One of the dozens of things I keep track of in feature films is the language used in reference to female characters. One of the reasons for this is that language is very revealing about filmmakers. It tells us a lot about how well or poorly they think of women. Alice in Wonderland (2010), an adventure fantasy based on Lewis Carroll’s books, boasts six named female characters that appear in more than one scene (Mia Wasikowska, Helena Bonham Carter, Anne Hathaway, Lindsay Duncan, Jemma Powell and Frances de la Tour). It is one of the biggest box office hits of the 21st century, and the screenplay was written by a woman: Linda Woolverton.
In this film adaptation of Alice in Wonderland no women are referred to as honey or sweetheart (or broads, dames or chicks for that matter). No woman is called a b*tch or told to f*ck off. One of the most striking things about this visual treat, however, is the assertive language used by the protagonist, Wasikowska, the knight in shining armour who slays Jabberwocky. She says to Timothy Spall, “I make the path!” and tells him, “From the moment I fell down that rabbit hole I’ve been told what I must do and who I must be. I’ve been shrunk, stretched, scratched and stuffed in a tea pot. […] this is my dream! I’ll decide where it goes from here.” When she catches her brother-in-law being unfaithful to her sister and he says to her, “You won’t mention this to your sister, will you? […] You don’t want to ruin her marriage, do you?” she says, “Me? But I’m not the one who’s sneaking around behind her back.” This indicates disapproval of this man's behaviour. And a woman voicing disapproval of a man's behaviour in film is somewhat rare. Also, when told she is not properly dressed she says to her mother (Duncan), “Who’s to say what is proper?” This indicates disapproval of the beauty ideal imposed on women—another rarity. Moreover, she has a purpose in life besides finding a man, yet another rare progressive inclusion. She tells Duncan, “Don’t worry, mother; I’ll find something useful to do with my life” before becoming an apprentice in a shipping company and setting sail, unmarried and happy.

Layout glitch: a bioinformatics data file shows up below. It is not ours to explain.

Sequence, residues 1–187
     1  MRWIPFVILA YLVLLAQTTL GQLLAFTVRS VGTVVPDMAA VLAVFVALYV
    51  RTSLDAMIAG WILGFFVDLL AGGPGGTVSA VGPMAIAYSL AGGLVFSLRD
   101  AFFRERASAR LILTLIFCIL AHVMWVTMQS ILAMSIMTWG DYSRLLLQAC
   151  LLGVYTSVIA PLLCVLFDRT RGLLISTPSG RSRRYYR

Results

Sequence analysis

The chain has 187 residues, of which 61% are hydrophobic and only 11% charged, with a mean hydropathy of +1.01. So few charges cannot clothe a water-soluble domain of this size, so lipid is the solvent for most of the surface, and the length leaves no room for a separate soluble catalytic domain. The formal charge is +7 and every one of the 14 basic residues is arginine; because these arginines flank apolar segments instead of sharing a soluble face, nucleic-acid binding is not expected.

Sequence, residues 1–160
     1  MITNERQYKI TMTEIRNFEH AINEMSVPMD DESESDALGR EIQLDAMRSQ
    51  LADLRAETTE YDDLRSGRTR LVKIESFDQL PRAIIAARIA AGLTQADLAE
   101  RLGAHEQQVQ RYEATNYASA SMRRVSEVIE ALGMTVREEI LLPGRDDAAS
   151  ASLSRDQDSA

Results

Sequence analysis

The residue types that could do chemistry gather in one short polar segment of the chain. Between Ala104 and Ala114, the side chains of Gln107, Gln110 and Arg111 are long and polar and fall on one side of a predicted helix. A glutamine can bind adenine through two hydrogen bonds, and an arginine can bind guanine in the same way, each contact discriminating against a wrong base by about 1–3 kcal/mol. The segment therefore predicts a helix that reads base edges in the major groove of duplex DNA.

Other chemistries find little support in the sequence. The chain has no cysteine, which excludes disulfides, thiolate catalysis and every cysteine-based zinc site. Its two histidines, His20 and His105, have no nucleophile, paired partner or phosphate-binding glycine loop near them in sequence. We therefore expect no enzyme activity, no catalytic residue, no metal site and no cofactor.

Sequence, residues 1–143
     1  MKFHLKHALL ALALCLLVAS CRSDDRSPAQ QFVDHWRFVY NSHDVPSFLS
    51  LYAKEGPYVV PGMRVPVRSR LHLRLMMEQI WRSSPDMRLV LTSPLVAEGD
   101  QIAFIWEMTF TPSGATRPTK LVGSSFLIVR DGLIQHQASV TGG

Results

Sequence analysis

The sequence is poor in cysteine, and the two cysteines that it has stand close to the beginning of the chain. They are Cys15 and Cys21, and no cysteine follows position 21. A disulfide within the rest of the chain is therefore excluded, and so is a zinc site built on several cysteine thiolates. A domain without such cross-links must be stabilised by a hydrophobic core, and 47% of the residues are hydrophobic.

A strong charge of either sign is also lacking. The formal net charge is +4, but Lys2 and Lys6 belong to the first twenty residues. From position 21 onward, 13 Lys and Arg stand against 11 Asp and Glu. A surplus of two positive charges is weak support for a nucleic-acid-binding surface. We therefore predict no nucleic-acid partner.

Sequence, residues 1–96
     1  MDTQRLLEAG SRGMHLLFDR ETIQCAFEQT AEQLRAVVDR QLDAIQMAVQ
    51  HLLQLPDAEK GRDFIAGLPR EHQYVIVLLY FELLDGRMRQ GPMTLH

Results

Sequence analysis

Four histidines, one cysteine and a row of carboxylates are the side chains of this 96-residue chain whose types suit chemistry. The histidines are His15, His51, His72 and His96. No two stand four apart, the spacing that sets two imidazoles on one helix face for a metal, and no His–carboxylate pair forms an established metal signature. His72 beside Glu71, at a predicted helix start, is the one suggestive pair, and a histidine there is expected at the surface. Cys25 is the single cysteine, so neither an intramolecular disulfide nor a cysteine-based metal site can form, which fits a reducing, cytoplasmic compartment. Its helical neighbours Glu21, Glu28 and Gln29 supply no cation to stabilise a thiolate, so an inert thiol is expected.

This Alice is the type of protagonist female viewers deserve but seldom get. When women work behind the camera it makes a significant difference in terms of what a movie has to offer female viewers. I look forward to sharing my findings about the language used in mainstream movies of the 20th and 21st centuries in my upcoming film guide for women.
© 2019 Alline Cormier
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